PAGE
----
Three readings and one video were to be read today, I’m here to discuss them all so that as a class we can better understand what’s going on. Starting with the video, “Is Google Knowledge”, that can be located at Youtube, Hank Green goes on a tirade about whether or not Google is considered “knowledge”. The argument is if we as individuals use Google as a search engine to get information does the process of us having to do this count still as still having gained knowledge. Basically are we cheating ourselves by googling anything we wonder about. Does it make us stupid and/or lazy by having this information at our fingertips?
In comparison Professor Melissa Terras’ piece, Reuse of Digitised Content, discusses the multiple changes she’d like to see in regard with creative reuse of digitised cultural heritage content. A bit of backstory on the content she’s referring to, it is in reference to works such as paintings, sculptures, photographs, etc that galleries, libraries, archives and museums are making public online for individuals such as you and I to access. Terra herself applauds this action on the basis that this access has allowed individuals to create pretty neat things with the works they are seeing such as fabrics, corsets and notebook covers to name a few things. The issue she sees with this unlimited access though is that there are poor search engines, too few works with copyrights, not enough information on how to get copyrights and poor image quality.
The next reading after, by, Dr. Ernesto Priego called, “Some Tips for WordPress.com Beginners”, discusses a multitude of definitions that one should know if interested in blogging (or interested in being relevant with youth today). In addition, Priego uses the published blog of Ryan Cordell to give helpful tips on how one could have a successful blog/ blog post if interested. Examples of this come from all the information that was gathered by him in regards to having a catchy byline/authorship, permalink, Bio/About Me page and categories.
The last reading titled,“Putting big Data to Good Use”, by authors S. Graham, I. Milligan and S. Weingart, examines the positive outcomes that occur when published works get transferred and become accessible online. The example the authors use is the Old Bailey, which covers over 197,000 trials in Britain. The scholars that were tasked with this not only brought Old Bailey online but assisted in creating formats that would help anyone who was looking over it to be able to research specific cases easier by having for example, key words and suggested trails. Authors Graham, milligram and Weingart also discuss the lack of historians being apart of this digitizing process. Though few have slowly made strides to become more involved there is still a scarcity of methods being taught in regards to how to accomplish such as feat as digitizing old works in the historian field itself.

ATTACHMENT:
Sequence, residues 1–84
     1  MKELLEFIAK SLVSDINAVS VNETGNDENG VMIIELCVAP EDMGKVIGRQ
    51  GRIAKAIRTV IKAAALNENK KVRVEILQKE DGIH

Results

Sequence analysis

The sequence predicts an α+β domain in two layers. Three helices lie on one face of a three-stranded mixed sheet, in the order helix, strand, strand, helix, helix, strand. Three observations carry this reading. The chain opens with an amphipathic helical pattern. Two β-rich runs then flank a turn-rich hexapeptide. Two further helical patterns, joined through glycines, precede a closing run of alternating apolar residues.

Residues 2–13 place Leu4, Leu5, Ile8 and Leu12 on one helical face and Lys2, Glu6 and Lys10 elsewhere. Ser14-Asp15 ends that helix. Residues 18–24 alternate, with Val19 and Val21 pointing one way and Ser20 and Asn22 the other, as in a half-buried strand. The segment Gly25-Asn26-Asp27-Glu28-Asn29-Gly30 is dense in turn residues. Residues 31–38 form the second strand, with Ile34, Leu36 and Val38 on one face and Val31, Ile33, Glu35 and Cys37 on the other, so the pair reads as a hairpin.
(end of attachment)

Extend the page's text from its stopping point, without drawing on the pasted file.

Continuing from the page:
From the three readings that were mentioned connections can be made between them. The first connection that I saw was that all three were written in a type of blog format. There were even instances in which an author would ramble on and catch themselves in the act. They’d let a reader know that whatever was said may have been a rant with no coherent meaning. In regards to content itself all the readings discuss the manner in which accessibility to the online world whether it be through the reuse of digitized content, an online blog or the transferring of online data, has been helpful. Helpful in manners that they themselves did not see possible up until the point they began to appreciate it through the research of a topic of interest to themselves. Being able to have access to the internet is key to one expanding their knowledge and these readings are proof of the wonders that the internet holds. What could have possibly not been imagined decades ago it seems as though online accessibility has reached the farthest corners and will continue to do so.
QUESTIONS TO BE POSED:
Is there anything you know of that you have not been able to find accessible online and would like to see accessible?
Do you feel as though as students we have not taken as much advantage as we should be being able to have access online through most all of our smart devices? And why?
Having gained knowledge about certain topics we may or may not have known about before, how do you see yourself spreading awareness about them? Or do you think these authors wrote what they wrote with no real intent on widening the consciousness about the reuse of digitized content, online blogging or the transferring of online data?